# What can be said about i.i.d. $X$ and $Y$ such that $XY=(X+Y)/2$ in distribution?

Let $$X$$ and $$Y$$ be i.i.d.

If $$(X+Y)/2$$ is equal in distribution to $$XY$$, then what do we know about the distributions of $$X$$ and $$Y$$?

I feel like I can't say much about these distributions. I can only think of degenerate examples, but I have a feeling that there is something crafty going on here that I am missing.

• Good question. My guess is that $X$ must be degenerate. As you have observed some clever argument may give this. – Kavi Rama Murthy Dec 10 '18 at 6:30

## 2 Answers

I assume the first two moments of $$X$$ exist.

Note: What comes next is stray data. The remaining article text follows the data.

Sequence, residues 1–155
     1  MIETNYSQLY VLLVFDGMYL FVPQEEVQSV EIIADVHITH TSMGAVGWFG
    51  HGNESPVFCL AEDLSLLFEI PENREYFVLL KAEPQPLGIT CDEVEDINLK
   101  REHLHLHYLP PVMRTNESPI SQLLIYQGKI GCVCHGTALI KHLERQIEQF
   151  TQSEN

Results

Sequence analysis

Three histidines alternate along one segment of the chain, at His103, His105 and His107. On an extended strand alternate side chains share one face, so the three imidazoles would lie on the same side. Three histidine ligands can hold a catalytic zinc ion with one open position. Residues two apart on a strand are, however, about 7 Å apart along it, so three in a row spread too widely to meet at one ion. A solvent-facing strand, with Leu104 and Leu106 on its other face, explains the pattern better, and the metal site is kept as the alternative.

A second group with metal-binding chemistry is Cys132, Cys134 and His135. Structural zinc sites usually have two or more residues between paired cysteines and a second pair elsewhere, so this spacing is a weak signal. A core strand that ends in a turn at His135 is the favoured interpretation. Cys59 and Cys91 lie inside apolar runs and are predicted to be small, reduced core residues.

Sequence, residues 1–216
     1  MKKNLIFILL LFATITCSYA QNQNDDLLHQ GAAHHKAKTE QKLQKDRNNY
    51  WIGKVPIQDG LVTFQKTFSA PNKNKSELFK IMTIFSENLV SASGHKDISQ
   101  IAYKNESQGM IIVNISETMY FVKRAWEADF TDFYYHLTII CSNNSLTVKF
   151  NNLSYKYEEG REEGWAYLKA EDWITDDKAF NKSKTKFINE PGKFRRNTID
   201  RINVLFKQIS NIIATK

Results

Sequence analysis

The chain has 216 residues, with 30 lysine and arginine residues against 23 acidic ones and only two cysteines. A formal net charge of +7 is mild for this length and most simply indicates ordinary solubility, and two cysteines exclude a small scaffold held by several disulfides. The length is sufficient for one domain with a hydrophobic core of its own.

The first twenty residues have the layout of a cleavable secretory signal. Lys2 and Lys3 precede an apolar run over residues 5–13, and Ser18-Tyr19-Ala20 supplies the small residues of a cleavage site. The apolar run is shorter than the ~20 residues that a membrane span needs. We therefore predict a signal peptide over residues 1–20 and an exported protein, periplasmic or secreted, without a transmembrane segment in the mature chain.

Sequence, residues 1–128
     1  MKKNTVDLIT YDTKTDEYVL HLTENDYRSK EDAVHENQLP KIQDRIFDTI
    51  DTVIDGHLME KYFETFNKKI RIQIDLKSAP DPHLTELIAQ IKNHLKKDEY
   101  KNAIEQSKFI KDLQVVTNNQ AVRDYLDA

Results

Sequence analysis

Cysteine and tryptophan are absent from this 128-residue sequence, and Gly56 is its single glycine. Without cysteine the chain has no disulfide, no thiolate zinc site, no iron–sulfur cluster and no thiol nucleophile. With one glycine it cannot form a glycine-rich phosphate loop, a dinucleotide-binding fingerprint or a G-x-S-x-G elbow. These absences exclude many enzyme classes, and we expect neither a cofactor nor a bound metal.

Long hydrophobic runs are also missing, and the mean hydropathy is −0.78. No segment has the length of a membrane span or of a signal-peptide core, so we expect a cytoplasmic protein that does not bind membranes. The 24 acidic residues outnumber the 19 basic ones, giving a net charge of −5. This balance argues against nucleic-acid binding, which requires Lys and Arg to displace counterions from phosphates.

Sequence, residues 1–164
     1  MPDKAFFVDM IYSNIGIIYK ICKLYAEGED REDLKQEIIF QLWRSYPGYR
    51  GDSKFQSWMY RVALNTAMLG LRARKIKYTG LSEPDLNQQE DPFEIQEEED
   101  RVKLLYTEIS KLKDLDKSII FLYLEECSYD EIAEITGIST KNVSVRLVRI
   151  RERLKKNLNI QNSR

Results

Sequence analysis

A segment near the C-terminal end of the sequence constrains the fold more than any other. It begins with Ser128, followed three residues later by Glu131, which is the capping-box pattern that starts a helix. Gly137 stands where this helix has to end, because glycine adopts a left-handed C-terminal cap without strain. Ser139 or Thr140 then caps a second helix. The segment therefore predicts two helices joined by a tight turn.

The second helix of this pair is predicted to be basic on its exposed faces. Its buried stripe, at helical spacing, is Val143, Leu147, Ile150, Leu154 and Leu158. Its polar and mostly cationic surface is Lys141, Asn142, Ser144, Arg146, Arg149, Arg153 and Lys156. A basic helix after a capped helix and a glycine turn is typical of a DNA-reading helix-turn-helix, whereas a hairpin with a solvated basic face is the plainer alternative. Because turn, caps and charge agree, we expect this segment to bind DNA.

$$E[X] = \frac{E[X] + E[X]}{2} = E\left[\frac{X+Y}{2}\right] = E[XY] = E[X]E[Y] = E[X]^2$$ so $$E[X]$$ is either $$0$$ or $$1$$.

Similarly $$\frac{E[X^2]+E[X]^2}{2} = E \frac{(X+Y)^2}{4} = E[X^2 Y^2] = E[X^2] E[Y^2] = E[X^2]^2.$$

• In the case $$E[X]=0$$ we have $$E[X^2] = 2 E[X^2]^2$$ so $$E[X^2] = \text{Var}(X)$$ is either $$0$$ or $$1/2$$.
• In the case $$E[X]=1$$ we have $$E[X^2] = 2 E[X^2]^2 - 1$$, so $$E[X^2] = 1$$. But this means $$\text{Var}(X) = 0$$.

The only non-degenerate case is $$E[X] = 0$$ and $$\text{Var}(X) = 1/2$$. I am not sure how to construct an example for this case or show that this case is impossible.

Try something like $$X=\sin 2\pi T$$ with $$T\sim U(0,1)$$